Sebi panel suggests abolishing security deposit requirement in public issues
   Date :04-Feb-2024

Business Reporter :
AN expert committee formed by Sebi on Friday suggested to abolish the requirement of a mandatory security deposit with the exchanges before a public issue, a move that could make it easier for companies to access the primary market. Under the current rule, any company that is looking to launch a public or rights issue of equity shares has to deposit with the stock exchanges an amount equal to 1 per cent of the issue size. The deposit is returned to the company after the public issue. In the consultation paper issued by Sebi, the committee suggested that the requirement of 1 per cent security deposit for public or rights issues may be done away with. Explaining the rationale behind the move, the committee said that the requirement of 1 per cent security deposit was put in place for public/rights issues so that an issuer resolves investor complaints relating to the transaction such as for refund of application money, allotment of securities and dispatch of certificates.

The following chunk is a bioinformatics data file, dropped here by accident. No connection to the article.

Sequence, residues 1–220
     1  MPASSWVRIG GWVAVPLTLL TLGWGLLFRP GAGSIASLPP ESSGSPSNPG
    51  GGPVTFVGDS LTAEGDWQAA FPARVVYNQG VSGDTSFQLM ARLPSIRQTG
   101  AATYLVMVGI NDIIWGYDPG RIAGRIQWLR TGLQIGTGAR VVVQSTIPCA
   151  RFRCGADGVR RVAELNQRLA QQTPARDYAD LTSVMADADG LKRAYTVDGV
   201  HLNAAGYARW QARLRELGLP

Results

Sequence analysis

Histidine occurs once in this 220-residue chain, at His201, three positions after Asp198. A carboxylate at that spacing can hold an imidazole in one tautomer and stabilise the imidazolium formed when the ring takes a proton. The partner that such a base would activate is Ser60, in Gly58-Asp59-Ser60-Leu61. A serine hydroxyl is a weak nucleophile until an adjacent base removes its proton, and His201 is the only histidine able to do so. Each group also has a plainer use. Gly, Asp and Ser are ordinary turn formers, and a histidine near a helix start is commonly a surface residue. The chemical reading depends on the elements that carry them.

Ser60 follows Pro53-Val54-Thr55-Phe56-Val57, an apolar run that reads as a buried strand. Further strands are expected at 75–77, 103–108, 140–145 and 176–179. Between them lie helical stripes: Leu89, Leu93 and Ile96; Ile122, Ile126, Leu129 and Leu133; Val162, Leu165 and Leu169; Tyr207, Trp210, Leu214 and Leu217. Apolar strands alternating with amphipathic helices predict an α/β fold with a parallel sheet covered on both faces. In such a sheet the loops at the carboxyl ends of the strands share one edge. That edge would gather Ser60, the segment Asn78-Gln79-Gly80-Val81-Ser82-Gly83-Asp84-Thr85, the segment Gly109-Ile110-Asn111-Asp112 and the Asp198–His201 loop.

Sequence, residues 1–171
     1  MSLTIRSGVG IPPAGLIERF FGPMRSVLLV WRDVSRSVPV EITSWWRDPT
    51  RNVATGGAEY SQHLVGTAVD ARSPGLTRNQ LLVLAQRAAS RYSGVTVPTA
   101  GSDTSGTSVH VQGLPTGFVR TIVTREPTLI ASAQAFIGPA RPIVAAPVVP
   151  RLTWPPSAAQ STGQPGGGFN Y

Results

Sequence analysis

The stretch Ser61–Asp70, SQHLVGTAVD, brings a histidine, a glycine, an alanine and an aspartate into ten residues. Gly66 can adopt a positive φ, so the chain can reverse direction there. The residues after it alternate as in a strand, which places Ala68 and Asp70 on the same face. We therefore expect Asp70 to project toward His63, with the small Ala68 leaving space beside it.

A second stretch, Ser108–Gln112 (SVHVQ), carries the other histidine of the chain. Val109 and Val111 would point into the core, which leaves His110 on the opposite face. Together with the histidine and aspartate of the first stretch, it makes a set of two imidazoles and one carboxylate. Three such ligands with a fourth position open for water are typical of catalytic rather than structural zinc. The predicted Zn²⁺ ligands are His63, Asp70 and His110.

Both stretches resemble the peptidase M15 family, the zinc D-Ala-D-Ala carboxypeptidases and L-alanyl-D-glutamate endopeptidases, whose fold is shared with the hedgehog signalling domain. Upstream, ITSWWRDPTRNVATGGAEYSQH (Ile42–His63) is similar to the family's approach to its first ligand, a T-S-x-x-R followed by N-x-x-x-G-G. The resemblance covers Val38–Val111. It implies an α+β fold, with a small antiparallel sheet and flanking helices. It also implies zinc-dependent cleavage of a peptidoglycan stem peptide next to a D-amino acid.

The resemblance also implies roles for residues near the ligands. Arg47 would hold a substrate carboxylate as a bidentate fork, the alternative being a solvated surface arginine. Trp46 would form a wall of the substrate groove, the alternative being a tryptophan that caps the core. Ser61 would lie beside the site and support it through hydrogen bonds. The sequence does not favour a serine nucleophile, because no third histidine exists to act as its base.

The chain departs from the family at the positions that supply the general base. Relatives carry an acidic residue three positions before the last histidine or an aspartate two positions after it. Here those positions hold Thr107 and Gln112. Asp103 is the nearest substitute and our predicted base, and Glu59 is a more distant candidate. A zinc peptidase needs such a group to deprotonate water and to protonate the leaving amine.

However, considering various reforms and present framework for public or rights issues such as application through ASBA (Application Supported by Blocked Amount) UPI mode of payment, mandatory allotment in demat among others, the concerns relating to post-issue investor complaints regarding refund of application money, non-dispatch of physical certificates does notarise, it added. Going by the data, the average number of complaints per IPO has reduced post-implementation of T+3 listing in IPOs. Also, it has been observed that a majority of complaints are regarding the delay in unblocking of ASBA funds for which Sebi already prescribed a mechanism to deal with such complaints. “Therefore, since the requirement of one per cent security deposit imposes cost on the part of issuers, the removal of the requirement will result in ease of doing business for issuers accessing the primary market,” it added. This is in addition to the recommendations made by the committee in January, whereby it suggested allowing flexibility to extend bid closing dates due to force majeure events like a bank strike.